Microsoft Realigns Organization, Promises 'Deep Entertainment Experiences,' 'Serious Fun'

Courtesy of Zune
Microsoft CEO Steve Ballmer

Julie Larson-Green will lead the devices and studios engineering group, which will be responsible for games, music, video and other entertainment.

Microsoft on Thursday detailed an organizational realignment in a memo, in which the technology giant promised to provide "deep entertainment experiences" to consumers that allow them to have "serious fun."

A published memo from CEO Steve Ballmer about the reorganization, which reduces the number of company divisions, had the headline "One Microsoft." Ballmer said the goal of the streamlining was to speed up innovation, increase collaboration and reach efficiencies.

"We will strive for a single experience for everything in a person’s life that matters," he wrote. "One experience, one company, one set of learnings, one set of apps, and one personal library of entertainment, photos and information everywhere."

Ballmer said Microsoft has "incredible new opportunities" in various areas, including in entertainment. "We are going to immerse people in deep entertainment experiences that let them have serious fun in ways so intense and delightful that they will blur the line between reality and fantasy," he wrote. His memo also highlighted the increasing importance of tablet computers.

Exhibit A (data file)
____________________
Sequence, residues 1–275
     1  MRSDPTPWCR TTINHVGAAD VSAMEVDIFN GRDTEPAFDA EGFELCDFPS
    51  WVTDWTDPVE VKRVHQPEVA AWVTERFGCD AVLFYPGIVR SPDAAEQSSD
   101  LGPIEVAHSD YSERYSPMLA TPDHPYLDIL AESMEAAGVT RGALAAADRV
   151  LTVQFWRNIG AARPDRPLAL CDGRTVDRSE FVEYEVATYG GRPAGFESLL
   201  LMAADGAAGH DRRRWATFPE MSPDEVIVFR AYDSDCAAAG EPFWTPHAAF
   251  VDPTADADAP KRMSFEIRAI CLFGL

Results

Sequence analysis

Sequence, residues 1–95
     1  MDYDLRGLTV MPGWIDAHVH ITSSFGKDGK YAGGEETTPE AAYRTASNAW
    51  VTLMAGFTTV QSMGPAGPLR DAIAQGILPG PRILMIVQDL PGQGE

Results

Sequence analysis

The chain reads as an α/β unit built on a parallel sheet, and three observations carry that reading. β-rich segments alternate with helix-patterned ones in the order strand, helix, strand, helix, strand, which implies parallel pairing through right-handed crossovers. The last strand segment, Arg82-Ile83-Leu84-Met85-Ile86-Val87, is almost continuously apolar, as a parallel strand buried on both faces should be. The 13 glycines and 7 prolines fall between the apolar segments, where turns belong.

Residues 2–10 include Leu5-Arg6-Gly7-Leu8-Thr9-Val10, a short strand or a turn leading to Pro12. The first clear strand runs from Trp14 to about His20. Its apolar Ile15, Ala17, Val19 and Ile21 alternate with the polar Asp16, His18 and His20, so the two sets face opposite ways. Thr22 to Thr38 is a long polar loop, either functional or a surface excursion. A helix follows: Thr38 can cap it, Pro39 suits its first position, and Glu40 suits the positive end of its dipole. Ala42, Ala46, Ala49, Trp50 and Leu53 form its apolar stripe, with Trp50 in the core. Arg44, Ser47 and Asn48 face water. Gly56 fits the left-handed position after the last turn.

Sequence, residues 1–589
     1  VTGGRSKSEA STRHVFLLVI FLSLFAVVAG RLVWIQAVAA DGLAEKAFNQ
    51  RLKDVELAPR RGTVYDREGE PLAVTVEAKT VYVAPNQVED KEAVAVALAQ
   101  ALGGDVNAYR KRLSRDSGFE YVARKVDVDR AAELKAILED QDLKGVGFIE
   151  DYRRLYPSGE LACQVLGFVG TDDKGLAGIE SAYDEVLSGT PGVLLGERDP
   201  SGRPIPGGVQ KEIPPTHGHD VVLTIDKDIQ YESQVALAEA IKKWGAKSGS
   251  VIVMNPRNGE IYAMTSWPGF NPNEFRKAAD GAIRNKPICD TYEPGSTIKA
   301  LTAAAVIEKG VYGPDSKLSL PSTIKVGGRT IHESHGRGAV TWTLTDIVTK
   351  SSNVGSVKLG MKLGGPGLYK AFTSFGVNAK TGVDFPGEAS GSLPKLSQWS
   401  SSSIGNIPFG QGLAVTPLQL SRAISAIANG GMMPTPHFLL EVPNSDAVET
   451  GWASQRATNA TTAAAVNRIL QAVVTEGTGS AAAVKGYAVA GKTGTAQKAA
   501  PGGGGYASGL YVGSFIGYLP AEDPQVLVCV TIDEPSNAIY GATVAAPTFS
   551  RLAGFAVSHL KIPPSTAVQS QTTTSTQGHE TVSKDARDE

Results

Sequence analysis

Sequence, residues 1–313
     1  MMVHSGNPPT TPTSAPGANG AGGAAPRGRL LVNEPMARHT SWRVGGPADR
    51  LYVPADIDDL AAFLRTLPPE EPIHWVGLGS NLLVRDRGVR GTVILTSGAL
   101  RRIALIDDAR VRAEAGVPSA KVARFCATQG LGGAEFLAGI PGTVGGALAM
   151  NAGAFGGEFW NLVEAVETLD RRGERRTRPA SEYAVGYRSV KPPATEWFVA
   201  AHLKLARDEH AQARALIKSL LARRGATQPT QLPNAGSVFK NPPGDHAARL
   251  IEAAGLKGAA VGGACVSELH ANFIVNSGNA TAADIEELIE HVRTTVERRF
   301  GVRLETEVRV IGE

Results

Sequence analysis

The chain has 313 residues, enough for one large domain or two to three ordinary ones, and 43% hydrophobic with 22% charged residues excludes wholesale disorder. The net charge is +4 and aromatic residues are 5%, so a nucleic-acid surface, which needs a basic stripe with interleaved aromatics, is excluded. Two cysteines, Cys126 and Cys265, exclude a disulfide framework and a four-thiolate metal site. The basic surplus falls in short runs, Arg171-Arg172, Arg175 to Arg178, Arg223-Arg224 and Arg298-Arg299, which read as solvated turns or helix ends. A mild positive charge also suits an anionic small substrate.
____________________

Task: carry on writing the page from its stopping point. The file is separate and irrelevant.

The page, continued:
Julie Larson-Green, formerly in charge of Microsoft's Windows operating system, was named head of a new business group that will have a key entertainment focus. Her devices and studios engineering group will include all hardware development, including for the Xbox video games console and the Surface tablet, and also be responsible "for our studios experiences, including all games, music, video and other entertainment," Ballmer said.

Former Xbox head Don Mattrick recently left to become CEO of social gaming giant Zynga.

In a section entitled "serious fun," Ballmer wrote that this expression "encapsulates an important point of differentiation for us."

Explained the CEO: "There are many things people do for light fun, for example play solitaire, spend three minutes on a word game or surf the TV. Although we will enable these activities effectively, our biggest opportunity is in creating the fun people feel most intensely, such as playing a game that lasts hours and takes real concentration, or immersing them in live events and entertainment (including sports, concerts, education and fitness) while allowing interactive participation."

Interactivity boosts engagement and requires differentiated hardware, apps and services, he argued.

Ballmer closed the memo by acknowledging that there are "lots of change" to digest, but the company also would continue to pursue key goals, such as making "the world a better place for billions of people and millions of businesses around the world." Emphasizing that "we’re not done," he ended with the line: "Let’s go."

Twitter: @georgszalai